The Muscatine Diver, 1962-3
 “At a time when in the hands of other many other artists, Philip Pearlstein or Tom Wesselman for example, the nude was presented as inert or ironically objectified, Brown celebrated the human body as lyrical, vital and ecstatic.
As a student of Amedée Ozenfant in New York and Fernand Léger in Paris in the late forties, and later at the University of California, Berkeley, where he earned an M.A. in art in 1953, Brown was well trained in modernist abstraction, but he also has a deep sympathy for figuration. Brown lived intermittently in New York City for six years before he settled in 1952 in the Bay Area, where he quickly became an integral part of the figurative movement and often participated in a drawing group that included Richard Diebenkorn, David Park and Elmer Bischoff. The group, which first began meeting to draw from life in 1955, wished to reject academic poses for the models in favor of something more informal. At the time, Brown was producing gestural paintings of football players and other athletes, derived from photographs in newspapers and magazines. Talking about the sports paintings in 1957 with the art historian Paul Mills, but equally valid for the nudes, Brown announced, , “I wanted to do figure compositions, but I was tired of the classic kind with everybody just standing around, so I used photographs in sports magazines as a starting point.”
 "William Theophilus Brown, an elegant and irreverent American painter and member of the venerated figurative movement who met and befriended some of history's great artists, from Pablo Picasso to Igor Stravinsky, died Wednesday at his home in San Francisco. He was 92.
Mr. Brown, who lived in the opulent San Francisco Towers, which he christened the "Versailles of retirement communities," was painting until the end, said his friend and gallerist Thomas Reynolds. He had a studio a few blocks from his home and continued to take drawing classes.
'Theophilus Brown was one of those rare artists who was successful at every stage of his career,' Reynolds said. 'And he was always at the center of the action - in France with Picasso, in New York with (Mark) Rothko and (Willem) de Kooning, in California with the Bay Area figurative painters.'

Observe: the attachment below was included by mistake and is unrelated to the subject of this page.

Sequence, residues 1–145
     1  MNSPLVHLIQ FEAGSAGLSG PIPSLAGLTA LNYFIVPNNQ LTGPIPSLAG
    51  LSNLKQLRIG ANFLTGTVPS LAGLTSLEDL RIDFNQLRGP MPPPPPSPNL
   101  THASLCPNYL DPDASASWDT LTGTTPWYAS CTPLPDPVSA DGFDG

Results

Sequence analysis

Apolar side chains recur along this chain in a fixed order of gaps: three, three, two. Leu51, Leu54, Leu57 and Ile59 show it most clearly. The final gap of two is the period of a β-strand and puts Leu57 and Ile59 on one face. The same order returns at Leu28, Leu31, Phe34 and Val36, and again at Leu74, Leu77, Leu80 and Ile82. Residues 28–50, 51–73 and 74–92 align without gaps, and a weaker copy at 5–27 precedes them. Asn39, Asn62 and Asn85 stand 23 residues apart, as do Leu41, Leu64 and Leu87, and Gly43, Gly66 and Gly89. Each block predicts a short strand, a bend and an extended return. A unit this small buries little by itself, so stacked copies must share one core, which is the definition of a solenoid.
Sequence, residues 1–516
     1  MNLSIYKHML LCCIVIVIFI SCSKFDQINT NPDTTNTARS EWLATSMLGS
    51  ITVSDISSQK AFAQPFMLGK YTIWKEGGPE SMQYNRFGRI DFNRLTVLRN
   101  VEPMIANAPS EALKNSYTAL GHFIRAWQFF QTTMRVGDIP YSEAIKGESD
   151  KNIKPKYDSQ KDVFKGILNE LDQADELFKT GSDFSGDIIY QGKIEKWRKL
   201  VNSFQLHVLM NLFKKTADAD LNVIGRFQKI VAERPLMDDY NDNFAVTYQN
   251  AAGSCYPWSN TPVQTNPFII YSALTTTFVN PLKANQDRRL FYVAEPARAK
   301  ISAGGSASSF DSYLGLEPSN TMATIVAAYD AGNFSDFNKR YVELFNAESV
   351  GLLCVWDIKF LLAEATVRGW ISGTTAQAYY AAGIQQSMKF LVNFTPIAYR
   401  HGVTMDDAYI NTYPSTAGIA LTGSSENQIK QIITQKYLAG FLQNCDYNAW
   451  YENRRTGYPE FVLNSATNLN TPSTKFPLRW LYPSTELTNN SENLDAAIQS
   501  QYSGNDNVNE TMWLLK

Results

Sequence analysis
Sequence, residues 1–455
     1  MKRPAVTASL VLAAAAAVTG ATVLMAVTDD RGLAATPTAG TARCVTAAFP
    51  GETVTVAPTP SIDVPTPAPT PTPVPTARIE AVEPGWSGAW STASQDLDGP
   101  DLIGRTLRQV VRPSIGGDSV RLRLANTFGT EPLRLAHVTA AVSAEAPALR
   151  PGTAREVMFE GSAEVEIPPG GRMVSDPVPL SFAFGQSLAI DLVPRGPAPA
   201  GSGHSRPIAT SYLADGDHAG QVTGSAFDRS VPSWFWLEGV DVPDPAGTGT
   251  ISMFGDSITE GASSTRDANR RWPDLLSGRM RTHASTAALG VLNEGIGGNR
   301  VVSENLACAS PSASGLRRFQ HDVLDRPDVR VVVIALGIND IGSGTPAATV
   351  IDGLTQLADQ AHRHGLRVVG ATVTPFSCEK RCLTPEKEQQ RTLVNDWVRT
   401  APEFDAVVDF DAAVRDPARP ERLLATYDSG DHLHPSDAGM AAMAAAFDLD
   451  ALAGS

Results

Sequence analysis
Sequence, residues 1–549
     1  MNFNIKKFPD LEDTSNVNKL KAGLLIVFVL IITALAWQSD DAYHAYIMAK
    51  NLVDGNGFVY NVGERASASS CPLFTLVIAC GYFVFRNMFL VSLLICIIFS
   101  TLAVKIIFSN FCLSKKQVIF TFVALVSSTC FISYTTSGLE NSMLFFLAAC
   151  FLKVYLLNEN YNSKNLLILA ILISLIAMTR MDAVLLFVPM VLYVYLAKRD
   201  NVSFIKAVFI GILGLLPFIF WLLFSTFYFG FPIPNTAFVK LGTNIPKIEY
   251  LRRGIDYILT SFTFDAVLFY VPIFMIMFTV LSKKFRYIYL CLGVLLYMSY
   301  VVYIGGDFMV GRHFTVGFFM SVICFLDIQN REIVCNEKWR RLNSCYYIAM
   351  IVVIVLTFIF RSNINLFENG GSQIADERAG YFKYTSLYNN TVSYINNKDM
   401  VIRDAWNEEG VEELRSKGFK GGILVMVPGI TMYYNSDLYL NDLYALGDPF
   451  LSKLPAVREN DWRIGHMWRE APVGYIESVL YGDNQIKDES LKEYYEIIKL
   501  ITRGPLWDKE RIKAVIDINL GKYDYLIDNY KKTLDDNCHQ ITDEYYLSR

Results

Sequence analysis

Reynolds added, 'He was everybody's favorite dinner companion - charming to the ladies and bawdy with the boys.'
Matt Gonzalez, the attorney, artist and former city supervisor, met Mr. Brown nearly a decade ago, and the two developed a close bond.
'We started working in his studio together,' Gonzalez said. 'Our routine was we'd get together on the weekend, start working at around noon, and at 4:30, we'd pack up and go eat oysters - and drink single malt whiskey'"
'I took him 36 oysters Saturday night and we shared dinner,' Gonzalez said. 'He had a good appetite and was in good spirits. But he couldn't leave the apartment, and he was clear that if he couldn't go to his studio and make art anymore, he didn't want to live. So it was time. He was comfortable with where he was. He was due to turn 93 in April, and lived a full life.'"
William Theophilus Brown
 "Brown’s now famous joie de vivre was severely tested during the war years. He was drafted just two months after his college graduation, and would spend the next four and a half years in the middle of some of the most ferocious fighting of World War II, including the Battle of the Bulge. Admittedly, Brown was not a natural soldier. 'I hated it'” he says simply. 'I went from private to corporal in four and a half years. I don’t know anybody who rose so little. Being a graduate from a college like Yale was just poison for the old sergeants. They were not kind to me' But he endured, and along the way gained perspective he otherwise might never have found. 'I like what Norman Mailer said about the war,' says Brown about a period in his life he rarely talks about. 'Mailer spent two years in the army, and he said, ‘They were the worst years of my life, but the most important.’ That’s how I feel about it, too. It was a big corrective for me. I had lived a very privileged life. The war put things into perspective for me.'”
 "Four months before his death, Brown gave an interview in which he fact-checked his Wikipedia entry. He found the entry accurate, on the whole, but termed his classification as an abstract expressionist "horseshit."
Football Players Sketch, 1954
Reading about the life of William Theophilus Brown yesterday -- his long career and devotion to painting, music and his friends; the careful, graceful way he lived as an outsider/insider -- and reviewing the broad range of his work -- was engrossing, moving and amusing.
David McCarthy's article cited below is well worth seeking out both for its account of aspects of life in the 1950s that few people think or write about any more, but mainly for its exploration of how Bill Brown, Wynn Chamberlain and Diane Arbus found their way forward with subject and form.
I failed to find, as I hoped I would, something “quotable” to include here from Brown’s great friend Christopher Isherwood, so unless and until I do I think Brown's own words (especially his comment about his Wikipedia biography -- notwithstanding the good Football Players sketch above) -- and those of his other friends will suffice.
 David McCarthy, Social Nudism, Masculinity and the Male Nude in the Work of William Theo Brown and Wynn Chamberlain in the 1960s. Archives of American Art Journal 38, nos. 1-2 (1998), 28-38.
 Julian Guthrie, William Theophilus Brown, San Francisco Chronicle, Friday, February 10, 2012
 B. Bamsey, William Theophilus Brown, Artworks Magazine, 4-7-10.
 Wikipedia entry, “William Theophilus Brown.”